Formerly they were called spectacles. They were small lenses mounted in a metal rim with side or ear temples. They were used, mainly, by older persons to read smaller print. Later, when some spectacles were made without temples they were called Eye-glasses. In the early 19th century, when younger adults began to wear spectacles constantly, a nose piece was developed which held them firmly on the nose. These were called "Nose-glasses." In recent years, when plastic frames became popular and nose-glasses almost disappeared, the name glasses came into popular use.
Glasses, at present, is the popular name for spectacles. Glasses is a meaningless word; it has nothing to differentiate it from beer-glasses or colored-glasses. The dictionary will not help us because the name "Glasses" is not to be found in the old or new dictionaries. The lack of knowledge about spectacles is widespread. It includes not only the ordinary person but also our educators, our legislators, and most of the medical profession. A proper name for spectacles would be Focus-glasses.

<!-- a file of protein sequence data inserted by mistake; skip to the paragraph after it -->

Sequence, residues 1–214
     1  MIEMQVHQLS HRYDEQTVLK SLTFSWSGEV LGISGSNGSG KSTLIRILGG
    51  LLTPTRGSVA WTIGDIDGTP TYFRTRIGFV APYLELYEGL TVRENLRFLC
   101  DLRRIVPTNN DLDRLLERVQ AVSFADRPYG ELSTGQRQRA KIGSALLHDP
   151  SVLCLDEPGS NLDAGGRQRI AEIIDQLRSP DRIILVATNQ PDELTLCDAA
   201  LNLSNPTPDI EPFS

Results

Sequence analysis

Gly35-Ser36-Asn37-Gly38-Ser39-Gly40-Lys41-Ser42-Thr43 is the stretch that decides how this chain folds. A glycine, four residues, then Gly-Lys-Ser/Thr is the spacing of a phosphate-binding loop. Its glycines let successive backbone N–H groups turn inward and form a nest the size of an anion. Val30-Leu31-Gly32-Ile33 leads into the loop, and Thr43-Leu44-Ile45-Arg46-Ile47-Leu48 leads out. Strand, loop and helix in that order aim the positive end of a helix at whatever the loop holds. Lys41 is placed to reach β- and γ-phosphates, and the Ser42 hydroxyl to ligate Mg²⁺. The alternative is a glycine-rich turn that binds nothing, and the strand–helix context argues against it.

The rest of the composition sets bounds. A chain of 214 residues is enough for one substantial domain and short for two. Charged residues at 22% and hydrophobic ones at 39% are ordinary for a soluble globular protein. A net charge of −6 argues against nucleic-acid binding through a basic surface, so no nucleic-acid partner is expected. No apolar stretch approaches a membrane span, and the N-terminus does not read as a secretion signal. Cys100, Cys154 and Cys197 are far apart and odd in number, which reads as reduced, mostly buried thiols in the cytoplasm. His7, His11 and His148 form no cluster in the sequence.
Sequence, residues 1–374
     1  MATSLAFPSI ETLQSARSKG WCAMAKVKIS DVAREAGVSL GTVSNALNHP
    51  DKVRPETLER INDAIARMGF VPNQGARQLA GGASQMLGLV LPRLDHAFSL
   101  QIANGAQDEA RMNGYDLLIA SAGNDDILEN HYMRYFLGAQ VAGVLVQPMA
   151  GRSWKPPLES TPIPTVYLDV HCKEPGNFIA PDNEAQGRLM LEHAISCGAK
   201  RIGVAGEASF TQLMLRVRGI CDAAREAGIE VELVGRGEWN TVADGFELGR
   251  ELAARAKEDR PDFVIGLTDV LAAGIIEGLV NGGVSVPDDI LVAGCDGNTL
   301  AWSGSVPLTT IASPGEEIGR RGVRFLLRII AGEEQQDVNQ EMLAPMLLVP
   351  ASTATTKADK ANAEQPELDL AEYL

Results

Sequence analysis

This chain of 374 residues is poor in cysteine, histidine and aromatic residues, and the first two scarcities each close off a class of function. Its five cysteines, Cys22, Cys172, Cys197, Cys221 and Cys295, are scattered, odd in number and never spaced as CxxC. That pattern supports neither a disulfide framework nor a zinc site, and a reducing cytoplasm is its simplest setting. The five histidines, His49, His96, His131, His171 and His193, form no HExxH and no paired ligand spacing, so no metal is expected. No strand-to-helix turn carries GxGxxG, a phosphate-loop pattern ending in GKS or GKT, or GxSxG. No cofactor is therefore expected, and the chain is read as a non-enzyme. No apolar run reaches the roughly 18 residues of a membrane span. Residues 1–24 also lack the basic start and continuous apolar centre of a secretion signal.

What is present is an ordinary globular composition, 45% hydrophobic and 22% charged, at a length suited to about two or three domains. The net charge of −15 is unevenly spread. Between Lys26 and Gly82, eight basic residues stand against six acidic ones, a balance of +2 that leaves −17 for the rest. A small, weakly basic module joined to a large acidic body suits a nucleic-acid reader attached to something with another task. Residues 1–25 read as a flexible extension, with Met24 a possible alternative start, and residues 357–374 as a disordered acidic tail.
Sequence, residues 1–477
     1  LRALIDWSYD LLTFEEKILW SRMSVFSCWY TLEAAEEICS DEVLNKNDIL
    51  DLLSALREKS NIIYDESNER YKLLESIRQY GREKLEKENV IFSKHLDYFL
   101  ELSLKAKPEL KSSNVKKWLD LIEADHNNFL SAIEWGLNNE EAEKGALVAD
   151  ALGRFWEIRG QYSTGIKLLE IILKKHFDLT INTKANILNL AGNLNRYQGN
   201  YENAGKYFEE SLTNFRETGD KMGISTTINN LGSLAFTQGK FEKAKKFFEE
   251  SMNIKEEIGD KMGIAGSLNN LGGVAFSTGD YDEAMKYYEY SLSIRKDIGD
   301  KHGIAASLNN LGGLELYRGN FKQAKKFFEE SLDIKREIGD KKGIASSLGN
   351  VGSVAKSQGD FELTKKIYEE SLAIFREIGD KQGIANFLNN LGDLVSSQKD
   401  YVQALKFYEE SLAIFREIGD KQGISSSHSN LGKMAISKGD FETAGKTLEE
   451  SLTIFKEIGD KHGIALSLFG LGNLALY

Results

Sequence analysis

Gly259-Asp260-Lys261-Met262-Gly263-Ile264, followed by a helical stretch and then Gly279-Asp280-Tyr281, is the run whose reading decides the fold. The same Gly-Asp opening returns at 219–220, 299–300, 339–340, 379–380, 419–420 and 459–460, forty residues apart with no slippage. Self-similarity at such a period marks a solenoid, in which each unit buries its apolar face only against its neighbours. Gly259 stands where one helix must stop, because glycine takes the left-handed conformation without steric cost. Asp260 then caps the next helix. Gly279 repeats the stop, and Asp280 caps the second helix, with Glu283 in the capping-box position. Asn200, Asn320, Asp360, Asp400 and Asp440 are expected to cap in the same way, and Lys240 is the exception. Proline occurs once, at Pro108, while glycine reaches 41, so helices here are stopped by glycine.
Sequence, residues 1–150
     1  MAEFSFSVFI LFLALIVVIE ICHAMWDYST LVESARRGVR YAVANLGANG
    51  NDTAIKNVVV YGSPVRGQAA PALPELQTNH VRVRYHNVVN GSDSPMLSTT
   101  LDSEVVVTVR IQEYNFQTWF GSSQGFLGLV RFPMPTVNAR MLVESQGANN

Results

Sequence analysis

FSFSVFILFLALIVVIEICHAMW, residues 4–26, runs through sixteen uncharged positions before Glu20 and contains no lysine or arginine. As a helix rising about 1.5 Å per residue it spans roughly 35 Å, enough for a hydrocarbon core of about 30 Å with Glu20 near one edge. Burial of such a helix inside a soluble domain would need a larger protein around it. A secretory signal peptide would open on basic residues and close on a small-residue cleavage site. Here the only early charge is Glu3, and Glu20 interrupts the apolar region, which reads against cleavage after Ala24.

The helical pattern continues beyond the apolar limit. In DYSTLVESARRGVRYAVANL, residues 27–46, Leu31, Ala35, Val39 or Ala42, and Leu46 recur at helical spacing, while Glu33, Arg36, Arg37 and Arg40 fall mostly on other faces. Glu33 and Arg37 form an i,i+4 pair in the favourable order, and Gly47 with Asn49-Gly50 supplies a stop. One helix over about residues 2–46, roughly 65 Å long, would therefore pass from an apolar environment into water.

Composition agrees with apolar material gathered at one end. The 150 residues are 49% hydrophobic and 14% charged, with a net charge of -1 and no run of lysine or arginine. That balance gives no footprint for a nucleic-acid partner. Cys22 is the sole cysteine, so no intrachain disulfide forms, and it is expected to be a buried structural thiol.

Formerly, when they were called spectacles it was believed that they were, more or less, spectacular and fictitious. Now, they are believed to be mystic, some mystery in the glass or about the glass that makes you see better or worse. Lately, I asked a medical doctor, (a pathology professor in a large eastern medical college): "What is it in glasses that makes you see better or worse?" First he tried to give me a meaningless answer. When I insisted on a clear answer, he said: "It is the molecular structure of the glass." His answer proved his confusion about spectacles and glasses.
It is important that we know and understand that it is the curvature in the lenses that gives it the optical power. It is the curvature in the spectacles or glasses that changes the focus in our eyes.
Contents | Preface | Lesson 2